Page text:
Use this URL to cite or link to this record in EThOS: http://ethos.bl.uk/OrderDetails.do?uin=uk.bl.ethos.581091
Title: Structure and function studies of K2P channels
Author: Sharma, Chetan
Awarding Body: University of Oxford
Current Institution: University of Oxford
Date of Award: 2012
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Abstract:
Members of the two-pore potassium-selective (K2P) ion channel superfamily control cell excitability by contributing to the resting membrane potential. Through this, K2P channels are involved in a variety of physiological processes and dysfunction of these channels has been linked to diseases such as epilepsy, depression and migraine. The aim of this study was to develop a greater understanding of how K2P channels, in particular TREK-1, are gated. In the initial stage of this study we hoped to identify mutations which alter the function of the TREK-1 channel by screening a random mutant library using a K+-auxotrophic strain of S. cerevisiae, SGY1528. From the assay we identified a number of gain-of-function (GoF) mutations, primarily distributed through the pore-lining transmembrane (TM) helices TM2 and TM4. The clustering of mutations in these regions suggested a major role for these helices in channel gating. Subsequent electrophysiological characterisation of these mutations revealed an increase in basal channel activity and altered sensitivity to modulation by extracellular pH, as well as by activators DEPC and BL-1249. The publication of two K2P channel crystal structures, TWIK-1 (pdb code: 3UKM) and TRAAK (3UM7), enabled us to build an accurate homology model of TREK-1 and more accurately interpret these functional studies. This approach revealed a number of interesting points, the most important being an interaction between TM4 and pore-helix 1 (PH1). Further mutagenesis studies of this region confirmed that this interaction is essential for normal channel function. Another interaction was identified involving a number of residues within the interface between TM helices TM2, TM3 and TM4 emphasised the importance of helical movements for gating TREK-1 channels. Based on our findings we therefore present a model for gating of the TREK-1 channel, which suggests that the movement of TM4 in particular, is transduced to the selectivity filter gate via PH1.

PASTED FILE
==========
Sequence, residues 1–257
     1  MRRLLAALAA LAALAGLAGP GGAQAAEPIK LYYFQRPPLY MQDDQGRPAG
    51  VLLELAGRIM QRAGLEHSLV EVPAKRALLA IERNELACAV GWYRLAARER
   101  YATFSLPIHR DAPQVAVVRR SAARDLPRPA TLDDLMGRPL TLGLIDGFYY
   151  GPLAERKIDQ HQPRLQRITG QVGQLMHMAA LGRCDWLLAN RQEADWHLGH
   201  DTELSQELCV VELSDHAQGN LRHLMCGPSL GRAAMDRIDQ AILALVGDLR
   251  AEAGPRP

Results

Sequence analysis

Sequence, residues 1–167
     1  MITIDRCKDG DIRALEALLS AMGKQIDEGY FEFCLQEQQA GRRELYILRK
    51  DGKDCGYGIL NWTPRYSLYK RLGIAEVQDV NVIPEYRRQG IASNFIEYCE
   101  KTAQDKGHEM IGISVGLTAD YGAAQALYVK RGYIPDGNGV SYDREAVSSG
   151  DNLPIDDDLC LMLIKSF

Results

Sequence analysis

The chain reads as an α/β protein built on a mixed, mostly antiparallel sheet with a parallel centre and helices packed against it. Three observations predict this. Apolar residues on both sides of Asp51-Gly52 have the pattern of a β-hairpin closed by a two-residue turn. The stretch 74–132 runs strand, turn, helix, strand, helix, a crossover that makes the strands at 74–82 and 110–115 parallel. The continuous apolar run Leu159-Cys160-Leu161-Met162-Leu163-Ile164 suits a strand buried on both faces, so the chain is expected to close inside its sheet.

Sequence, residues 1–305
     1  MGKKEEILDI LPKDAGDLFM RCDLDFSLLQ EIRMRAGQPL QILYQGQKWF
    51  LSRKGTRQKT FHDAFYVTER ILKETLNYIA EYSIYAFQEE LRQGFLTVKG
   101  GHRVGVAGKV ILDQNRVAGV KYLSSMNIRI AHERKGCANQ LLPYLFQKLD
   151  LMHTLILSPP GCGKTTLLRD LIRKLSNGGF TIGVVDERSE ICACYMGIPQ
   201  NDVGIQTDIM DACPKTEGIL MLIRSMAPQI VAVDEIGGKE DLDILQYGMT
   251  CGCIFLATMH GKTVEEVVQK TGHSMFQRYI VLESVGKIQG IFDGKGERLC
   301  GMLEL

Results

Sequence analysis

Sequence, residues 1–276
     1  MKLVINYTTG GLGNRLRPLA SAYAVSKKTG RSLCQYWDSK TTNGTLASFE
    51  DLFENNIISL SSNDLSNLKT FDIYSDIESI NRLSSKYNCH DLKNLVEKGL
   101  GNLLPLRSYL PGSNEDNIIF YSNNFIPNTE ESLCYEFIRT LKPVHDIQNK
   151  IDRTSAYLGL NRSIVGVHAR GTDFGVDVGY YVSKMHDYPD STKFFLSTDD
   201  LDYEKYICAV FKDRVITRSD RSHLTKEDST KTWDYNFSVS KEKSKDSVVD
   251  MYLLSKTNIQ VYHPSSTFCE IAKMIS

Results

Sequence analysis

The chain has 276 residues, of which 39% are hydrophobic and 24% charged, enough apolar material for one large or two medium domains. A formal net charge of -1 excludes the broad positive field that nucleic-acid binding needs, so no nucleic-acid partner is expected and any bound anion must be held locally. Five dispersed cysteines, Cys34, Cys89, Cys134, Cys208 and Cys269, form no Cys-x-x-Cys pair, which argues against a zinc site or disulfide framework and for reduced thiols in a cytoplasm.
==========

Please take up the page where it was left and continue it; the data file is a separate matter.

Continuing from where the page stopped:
Supervisor: Tucker, Stephen John Sponsor: Not available
Qualification Name: Thesis (Ph.D.) Qualification Level: Doctoral
EThOS ID: uk.bl.ethos.581091  DOI: Not available
Keywords: Condensed Matter Physics ; potassium channels
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